[uvw] can be displayed by ticking the
uvw
box and replotting.
For hexagonal structure, the hexa
box can be selected to let the 4 indices notations.
Hexagonal structure and notation
For hexagonal structure, it is more convenient to represent directions or planes using a basis with 4 integer indices than using the conventional cartesian basis. This basis is composed of the 3 vectors \vec{a}_i separated by 120° angles and the \vec{c} perpendicular to the \vec{a}_i vectors. Hence any directions is given by [uvtw] with t=uv. In the reciprocal space, a plane is represented by (hkil) with i=hk.
Transforming indices from the 3 (HKL) indices to 4 (hkil) indices is straightforward for planes as H=h, K=k, L=l. For directions, [UVW] we have the relationships, U=2u+v, V=2v+u and W=w or u=1/3(2UV), v=1/3(2VU) and w=W.
Note that with the four indices notations, directions are perpendicular to plane normals (i.e. contain in a plane) if (hkil)\cdot[uvtw]=0 as shown for instance below.
Note that for Euler angles convention, \langle a \rangle is parallel to x and \langle c \rangle is parallel to z at (0,0,0).
Except uvw
and colors, the above features can be updated by clicking the Update/Reset view
button.
click a pole/directions
By right clicking on the stereographic projection, poles or directions (if uvw
is ticked) will be displayed. Make Ctrl+z
to remove the last click.
Additional features¶
They are accessible from the menu bar.
Save¶
Stereographic plots can be saved as image with png
format.
Angle¶
Angles between two poles (or two directions if the uvw
button is ticked) can be computed by entering them in the field n1
and n2
(comma separated). The result appears after pressing OK
. Cancel
to quit.
Schmid factor¶
Schmid factors can be computed by entering both \vec{b} (as a direction), plane normal \vec{n} and straining axis \vec{T}. \vec{T} should be expressed in the microscope coordinate system.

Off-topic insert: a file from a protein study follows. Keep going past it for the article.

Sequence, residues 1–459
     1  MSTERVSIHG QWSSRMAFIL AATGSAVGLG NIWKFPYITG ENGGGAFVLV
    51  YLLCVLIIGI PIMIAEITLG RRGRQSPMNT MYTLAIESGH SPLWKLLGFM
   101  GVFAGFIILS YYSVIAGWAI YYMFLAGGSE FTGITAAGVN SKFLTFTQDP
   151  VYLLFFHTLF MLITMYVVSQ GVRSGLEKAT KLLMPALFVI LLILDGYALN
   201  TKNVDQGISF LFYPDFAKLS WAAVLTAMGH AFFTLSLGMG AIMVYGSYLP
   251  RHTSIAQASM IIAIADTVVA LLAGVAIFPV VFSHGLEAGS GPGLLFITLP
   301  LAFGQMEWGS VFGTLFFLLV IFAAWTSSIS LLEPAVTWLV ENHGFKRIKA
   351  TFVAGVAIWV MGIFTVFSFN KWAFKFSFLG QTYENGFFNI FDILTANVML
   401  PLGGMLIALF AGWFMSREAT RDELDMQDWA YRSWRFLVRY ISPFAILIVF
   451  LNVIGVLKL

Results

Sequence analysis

After pressing OK
, the Schmid factor appears below the the T field. In the box below appear all possible slip systems n
, b
, with their Schmid factor values s
.
Schimd factor
For a crystal strained along a tensile axis \vec{T} with a stress \sigma, dislocation slip on plane \vec{n} with the Burgers vector \vec{b} will happen if the resolved shear stress on the plane rises a critical value, i.e. $$ \tau_c=\sigma \cos {(\vec{n},\vec{T})} \cos{(\vec{b},\vec{T})} $$ Thus, the most favored slip system should be the one with the highest Schmid factor i.e., m=\cos{(\vec{n},\vec{T})} \cos{(\vec{b},\vec{T})}. For dislocation glide, m should range between 0 and 0.5
xyz directions¶
x,y,z directions can be determined in the calculate xyz directions
menu. Simply press update
. The values indicated correspond to poles (i.e. in reciprocal space). Copy, paste in the pole/plane
field and Add
to plot. To get directions, use the hkl<>uvw
menu. Press To uvw
or To hkl
to make the conversion. Then, copy and paste the result in the same way except uvw
box need to be ticked.
List¶
A list of plotted poles/directions can be displayed using the show list poles/directions
menu. When the Update list
button is pressed the list is printed in a table showing in columns:

indices